“When government works only for the wealthy and the well-connected, that is corruption plain and simple,” she said, adding, “Our fight is to change the rules so that our government, our economy and our democracy work for everyone.”
Ms. Warren also received important endorsements Saturday from Senator Edward J. Markey of Massachusetts; Representative Joseph P. Kennedy III of Massachusetts, her former law student; and from the Progressive Change Campaign Committee.
While Warren probably could have afforded to wait a little bit longer before formally entering the race, she was no doubt motivated in no small part by the fact that the race for the Democratic nomination has taken off in a big way in the new year. Over just the past six weeks, we’ve seen a number of candidates, we have seen a number of candidates, including Kirsten Gillibrand, Julian Castro, Tulsi Gabbard, Kamala Harris, and Cory Booker, enter the race. Additionally, Minnesota Senator Amy Klobuchar is expected to enter the race later today and other candidates, such as Vermont Senator Bernie Sanders, former Vice-President Joe Biden, and former New York Mayor Michael Bloomberg, are expected to announce their plans by the end of the month. Counting Warren, that makes for ten candidates in the race before the end of February alone, and that doesn’t include long-shot candidates like South Bend, Indiana Mayor Pete Buttigieg and Maryland Congressman John Delaney, who have also announced that they are running. With the prospect of other candidates who could be entering the race, that makes for field nearly as crowded as the one Republicans had in 2016. Given that, it was a wise move for Warren to formally get into the race sooner rather than later.
Warren enters the race roughly in the middle of the pack according to the most recent polls, which is somewhat surprising given the fact that there was strong support for the idea of her entering into the race back in 2016. Part of that at least appears to be due to the fact that the Biden and Sanders are, for understandable reasons, dominating the early polling among Democrats and Warren finds herself having to compete for support among the progressives that she appeals to against not just Sanders, but also other candidates such as Harris and Booker, as well as other potential candidates such as Ohio Senator Sherrod Brown, who is apparently also considering getting in the race. Additionally, the momentum that Warren might have enjoyed from her early decision to form an exploratory committee has been blunted by the controversies that continue to plague her regarding her claim of Native American heritage in the past.While it’s unclear how much this actually matters to Democratic primary voters, it’s something that her campaign has clearly mishandled, and it is notable primarily because Democratic voters looking at 2020 appear to be focused primarily on the candidate most able to beat the President rather than the one they agree with the most.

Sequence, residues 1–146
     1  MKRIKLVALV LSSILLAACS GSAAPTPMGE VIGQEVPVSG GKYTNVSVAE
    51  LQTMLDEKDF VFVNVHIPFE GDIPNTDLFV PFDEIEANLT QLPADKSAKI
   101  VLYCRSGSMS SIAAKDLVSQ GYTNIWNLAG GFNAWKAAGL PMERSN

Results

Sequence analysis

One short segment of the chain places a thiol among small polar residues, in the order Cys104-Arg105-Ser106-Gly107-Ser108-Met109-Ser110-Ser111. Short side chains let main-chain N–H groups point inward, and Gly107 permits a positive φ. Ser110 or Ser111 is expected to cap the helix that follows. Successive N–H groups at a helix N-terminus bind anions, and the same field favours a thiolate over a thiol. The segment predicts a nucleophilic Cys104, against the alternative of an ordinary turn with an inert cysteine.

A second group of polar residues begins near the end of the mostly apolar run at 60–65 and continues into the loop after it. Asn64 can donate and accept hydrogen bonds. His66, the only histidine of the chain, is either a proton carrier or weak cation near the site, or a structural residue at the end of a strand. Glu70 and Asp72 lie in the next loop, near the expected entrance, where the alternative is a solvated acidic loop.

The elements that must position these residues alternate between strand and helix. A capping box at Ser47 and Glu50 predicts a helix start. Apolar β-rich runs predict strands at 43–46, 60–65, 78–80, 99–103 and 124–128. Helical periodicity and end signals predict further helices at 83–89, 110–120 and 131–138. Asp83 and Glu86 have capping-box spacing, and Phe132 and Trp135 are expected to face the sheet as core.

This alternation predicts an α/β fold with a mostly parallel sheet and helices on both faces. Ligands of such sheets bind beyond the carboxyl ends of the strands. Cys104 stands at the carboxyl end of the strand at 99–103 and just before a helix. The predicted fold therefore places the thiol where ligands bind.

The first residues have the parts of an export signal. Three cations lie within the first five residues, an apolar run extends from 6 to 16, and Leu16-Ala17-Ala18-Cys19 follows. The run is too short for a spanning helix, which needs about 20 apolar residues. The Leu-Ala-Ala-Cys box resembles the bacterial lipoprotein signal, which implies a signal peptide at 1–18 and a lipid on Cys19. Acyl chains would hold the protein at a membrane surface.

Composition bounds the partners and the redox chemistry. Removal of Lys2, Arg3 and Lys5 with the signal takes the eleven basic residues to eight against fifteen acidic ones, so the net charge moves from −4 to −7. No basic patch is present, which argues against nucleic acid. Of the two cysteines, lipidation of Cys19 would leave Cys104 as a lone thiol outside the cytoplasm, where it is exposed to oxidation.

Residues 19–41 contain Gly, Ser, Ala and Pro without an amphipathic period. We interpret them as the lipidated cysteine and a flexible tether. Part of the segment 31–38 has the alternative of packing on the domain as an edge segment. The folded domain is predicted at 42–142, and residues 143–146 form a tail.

In any case, Warren enters the race a somewhat wounded candidate, but it is still early in the race so it’s always possible she’ll be able to put all that behind her.